10And if thou draw out thy soul to the hungry, and satisfy the afflicted soul; then shall thy light rise in obscurity, and thy darkness be as the noon day:

11And the LORD shall guide thee continually, and satisfy thy soul in drought, and make fat thy bones: and thou shalt be like a watered garden, and like a spring of water, whose waters fail not.

The consequent blessings from the Father look an awful lot like revival, both personal and corporate.

We evangelicals need to assess our priorities. First we need to be right (2 Corinthians 5). Then we need to act right (James 1: 27). Then we need to speak right (Ephesians 4: 15).

But instead we lock into the good confession, the sound doctrine, the Roman Road to eternal life, the pithy points of Paul's exposition, the principles of "successful" Christian living. We talk and we listen, and we talk and we listen, but we hesitate to push away from the table and work toward compassionate help and social justice. Opportunities are glaringly in our face every day. Serving the Lord does not simply mean filling a niche in the programs at the Assembly.

Consider Christ's admonitions in Matthew 25 about helping His little ones. Let's get on with fruitful Body Life. Let's open the gate to blessing and revival!


Seemingly Naive


Jesus said an unsettling thing in the 16th chapter of Luke. He was telling the story of the dishonest steward whose chicanery had been discovered. Knowing that he was about to be dismissed, he went around to his master's customers and cut favourable deals, thereby ensuring their favour and support for himself for the future. Jesus concluded:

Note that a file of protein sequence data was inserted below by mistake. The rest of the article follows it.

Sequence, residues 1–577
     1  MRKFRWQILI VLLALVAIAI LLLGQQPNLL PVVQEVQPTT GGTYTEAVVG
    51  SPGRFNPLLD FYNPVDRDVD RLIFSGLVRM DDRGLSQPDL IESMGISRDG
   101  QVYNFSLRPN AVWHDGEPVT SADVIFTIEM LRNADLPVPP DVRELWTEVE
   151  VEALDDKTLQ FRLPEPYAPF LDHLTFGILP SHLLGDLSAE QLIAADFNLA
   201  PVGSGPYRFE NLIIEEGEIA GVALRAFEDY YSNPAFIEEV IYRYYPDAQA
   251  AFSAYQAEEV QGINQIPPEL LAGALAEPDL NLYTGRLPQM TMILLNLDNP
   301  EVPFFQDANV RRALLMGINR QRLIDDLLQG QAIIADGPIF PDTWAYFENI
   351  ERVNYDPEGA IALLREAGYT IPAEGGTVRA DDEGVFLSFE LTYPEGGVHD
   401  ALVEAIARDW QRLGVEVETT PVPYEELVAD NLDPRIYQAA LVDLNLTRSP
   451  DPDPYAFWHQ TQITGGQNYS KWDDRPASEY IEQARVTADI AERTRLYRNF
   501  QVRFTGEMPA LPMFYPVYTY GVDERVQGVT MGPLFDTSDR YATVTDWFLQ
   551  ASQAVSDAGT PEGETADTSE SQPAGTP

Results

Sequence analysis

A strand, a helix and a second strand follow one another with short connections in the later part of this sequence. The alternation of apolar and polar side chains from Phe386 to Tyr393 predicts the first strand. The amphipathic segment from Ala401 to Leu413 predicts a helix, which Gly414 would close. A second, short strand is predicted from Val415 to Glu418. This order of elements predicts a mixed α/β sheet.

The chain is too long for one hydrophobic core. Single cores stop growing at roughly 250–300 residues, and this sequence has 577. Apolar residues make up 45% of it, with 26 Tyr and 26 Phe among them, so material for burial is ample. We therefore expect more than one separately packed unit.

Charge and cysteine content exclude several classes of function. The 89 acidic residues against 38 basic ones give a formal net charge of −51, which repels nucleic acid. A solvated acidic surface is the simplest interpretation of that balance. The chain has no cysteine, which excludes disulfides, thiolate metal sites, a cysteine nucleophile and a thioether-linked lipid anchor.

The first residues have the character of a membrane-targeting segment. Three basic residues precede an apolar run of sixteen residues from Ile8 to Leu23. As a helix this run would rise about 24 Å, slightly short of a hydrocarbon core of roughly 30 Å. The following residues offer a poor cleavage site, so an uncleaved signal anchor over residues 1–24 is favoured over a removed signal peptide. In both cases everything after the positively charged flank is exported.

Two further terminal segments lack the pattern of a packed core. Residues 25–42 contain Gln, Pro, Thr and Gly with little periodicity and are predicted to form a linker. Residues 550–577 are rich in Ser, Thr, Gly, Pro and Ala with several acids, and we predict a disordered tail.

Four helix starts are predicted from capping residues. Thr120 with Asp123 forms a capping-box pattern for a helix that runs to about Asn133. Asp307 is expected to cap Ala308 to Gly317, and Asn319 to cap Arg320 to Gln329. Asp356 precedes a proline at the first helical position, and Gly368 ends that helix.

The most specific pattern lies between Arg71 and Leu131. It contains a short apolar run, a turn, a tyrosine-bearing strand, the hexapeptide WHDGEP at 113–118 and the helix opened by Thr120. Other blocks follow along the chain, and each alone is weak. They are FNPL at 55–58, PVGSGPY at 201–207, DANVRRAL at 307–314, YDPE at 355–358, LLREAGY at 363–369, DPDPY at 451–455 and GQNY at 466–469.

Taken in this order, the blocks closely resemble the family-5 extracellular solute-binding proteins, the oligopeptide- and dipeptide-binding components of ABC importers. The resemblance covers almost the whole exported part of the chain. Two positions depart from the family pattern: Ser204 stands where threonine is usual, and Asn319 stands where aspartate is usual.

8 And the lord commended the unjust steward, because he had done wisely: for the children of this world are in their generation wiser than the children of light.

Said another way, the time taken to come to understand God is time not dedicated to engineering, stocks and bonds, manufacture, disease research or empire building. We as children of light and as members of the True Vine have been given other priorities and assignments. (That is not to say we should not fulfil some worthy task or vocation. But fruitfulness comes first.)

Now consider the image presented in the 15th chapter of Ezekiel. Israel is compared to a vine (see also Isaiah 5 and Hosea 10), and as such, it had better be about the business of fruit-bearing:

2Son of man, what is the vine tree more than any tree, or than a branch which is among the trees of the forest?

3Shall wood be taken thereof to do any work? or will men take a pin of it to hang any vessel thereon?

4Behold, it is cast into the fire for fuel; the fire devoureth both the ends of it, and the midst of it is burned. Is it meet for any work?

5Behold, when it was whole, it was meet for no work: how much less shall it be meet yet for any work, when the fire hath devoured it, and it is burned?